Nigel Mitchell posted a link to this article in The Atlantic that analyzes Marvel Comics' sales slump. Which seems odd since movies like The Avengers, Iron Man, and Captain America: Civil War have generated close to a billion (or more) apiece. Why isn't this translating to comics?
There are a number of reasons for this in the article, many of them self-inflicted.
1. Those Guys On Screen? Yeah, Good Luck Finding Them in Comics. It's admirable in recent years Marvel has made a push for equality in terms of color and gender, but the downside is that the Disney movies are still mostly male whitewashed. If you liked the movie of The Avengers and go to pick up a comic now Captain America is Sam Wilson (and an evil Steve Rogers), Thor is a woman, Iron "Man" is a teenage black girl, and the Hulk is an Asian guy. But there's still Hawkeye and Black Widow...I think. I'm not saying that's a bad thing, but it creates a disconnect between movies and comics because if you want to follow Tony Stark's adventures in print, there is no more Tony Stark--for now. Kind of limits the cross-marketing potential.
2. Oh and Good Luck Finding Comics In General: When my brother and I were growing up in rural Michigan we could walk down to the corner store and get the latest Transformers or GI JOE comic. (And they had the other big ones too of course.) At grocery stores I would frequently be traumatized by comic book covers that were scary or weird. But now you can't hardly find a comic book anywhere except book stores and specialty comic book stores. And though I'm not a "normal" person I still don't really like comic book stores. It's like if you're not a sports fan and you go to some guy's "man cave" that has tons of memorabilia; you definitely aren't in Kansas anymore. You're entering someone else's clubhouse and it can be easy to feel intimidated. Plus most of them are hole-in-the-wall places that aren't exactly nearby and for introverts there's probably no one there so you're probably going to be accosted by the owner. And you're probably not going to get a hot girl to write her phone number on an X-Men comic like in Free Enterprise. Fortunately there's Comixology and such so you can buy comics online now.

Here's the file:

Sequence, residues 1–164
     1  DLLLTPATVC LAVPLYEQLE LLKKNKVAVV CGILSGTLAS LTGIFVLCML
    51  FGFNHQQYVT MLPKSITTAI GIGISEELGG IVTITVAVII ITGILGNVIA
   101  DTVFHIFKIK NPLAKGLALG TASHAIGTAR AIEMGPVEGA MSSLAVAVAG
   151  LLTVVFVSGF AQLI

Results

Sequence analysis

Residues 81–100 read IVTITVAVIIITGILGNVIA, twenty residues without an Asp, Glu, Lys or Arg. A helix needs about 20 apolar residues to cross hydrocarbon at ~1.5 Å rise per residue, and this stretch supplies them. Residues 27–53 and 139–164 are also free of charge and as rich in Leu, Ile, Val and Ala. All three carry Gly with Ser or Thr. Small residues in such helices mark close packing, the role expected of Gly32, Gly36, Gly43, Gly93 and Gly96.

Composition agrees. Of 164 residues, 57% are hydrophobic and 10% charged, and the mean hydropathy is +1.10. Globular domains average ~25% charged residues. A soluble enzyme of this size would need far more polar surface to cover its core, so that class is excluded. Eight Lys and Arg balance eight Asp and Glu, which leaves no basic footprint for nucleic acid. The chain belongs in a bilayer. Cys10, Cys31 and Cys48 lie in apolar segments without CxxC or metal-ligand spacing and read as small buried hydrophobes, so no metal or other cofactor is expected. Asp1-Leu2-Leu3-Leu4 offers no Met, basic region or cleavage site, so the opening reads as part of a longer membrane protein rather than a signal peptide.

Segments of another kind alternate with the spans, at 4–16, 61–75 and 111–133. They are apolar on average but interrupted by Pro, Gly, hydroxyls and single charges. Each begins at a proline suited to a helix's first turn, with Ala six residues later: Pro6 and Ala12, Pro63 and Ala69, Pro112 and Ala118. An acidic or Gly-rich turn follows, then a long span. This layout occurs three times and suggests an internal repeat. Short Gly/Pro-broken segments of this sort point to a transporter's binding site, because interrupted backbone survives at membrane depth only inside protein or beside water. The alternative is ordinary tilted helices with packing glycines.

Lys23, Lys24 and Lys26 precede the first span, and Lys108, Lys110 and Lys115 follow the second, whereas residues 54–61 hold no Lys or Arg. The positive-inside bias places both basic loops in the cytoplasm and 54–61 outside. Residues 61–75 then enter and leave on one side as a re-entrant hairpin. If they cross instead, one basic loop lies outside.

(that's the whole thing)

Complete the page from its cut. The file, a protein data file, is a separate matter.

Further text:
3. Even Online, Bring Money: When I was a kid comics were like 50 cents and then gradually went up to 75 cents and a dollar. In 1938 when Superman debuted for 10 cents you got like 100 pages of comics and print. Now for $3.99 you get 23 pages, probably half of which will be splash pages with one panel on a whole page or across two pages. But the quality of the paper and ink is a lot better. The quality of the drawing itself can be debatable. A lot of newer ones use more of a manga style it seems, which is meh to me but what do I know?
4. Gotta Catch Them All!: Marvel and DC are both guilty of too many crossover events. The latest for Marvel is "Secret Empire" where evil Steve Rogers has taken over America. This is only a few months removed from "Civil War II" which I haven't read yet but then I'm a few events behind. Really you can get like that part of the Bible: And lo Original Sins beget Secret Wars II which beget Civil War II which beget Secret Empire...If you want to really follow each event you have to buy not only the 8 main issues of that series but then the 2-4 spinoff issues for each series. At the same time, each series goes from one arc after another, each probably 5-6 issues so they can put it into a trade paperback later. I've enjoyed Dan Slott's Spider-Man run but it's been going from one arc to another for more than 10 years it seems like. It can be hard then for a casual (and/or poor) fan to get into it.
5. We're Number 1!: Something the article talks about is Marvel's penchant for renumbering its series. They've done that pretty much every year for the last 3-4 years. It gets to be really annoying. If you say, "Hey check out Amazing Spider-Man #1!" someone could say, "Which one: 2013, 2014, 2015, or 2016?" It can be really confusing, especially since with many series the stories aren't necessarily starting over. I mean each Amazing Spider-Man #1 isn't an origin story. So if you're wanting to jump in, where are you supposed to start?
The article talks about writer-creator teams which I don't think is that big of a deal. I suppose it can be jolting, especially if they change too often, but I don't think most people care all that much. Just like people don't care about me talking about this too much. 😋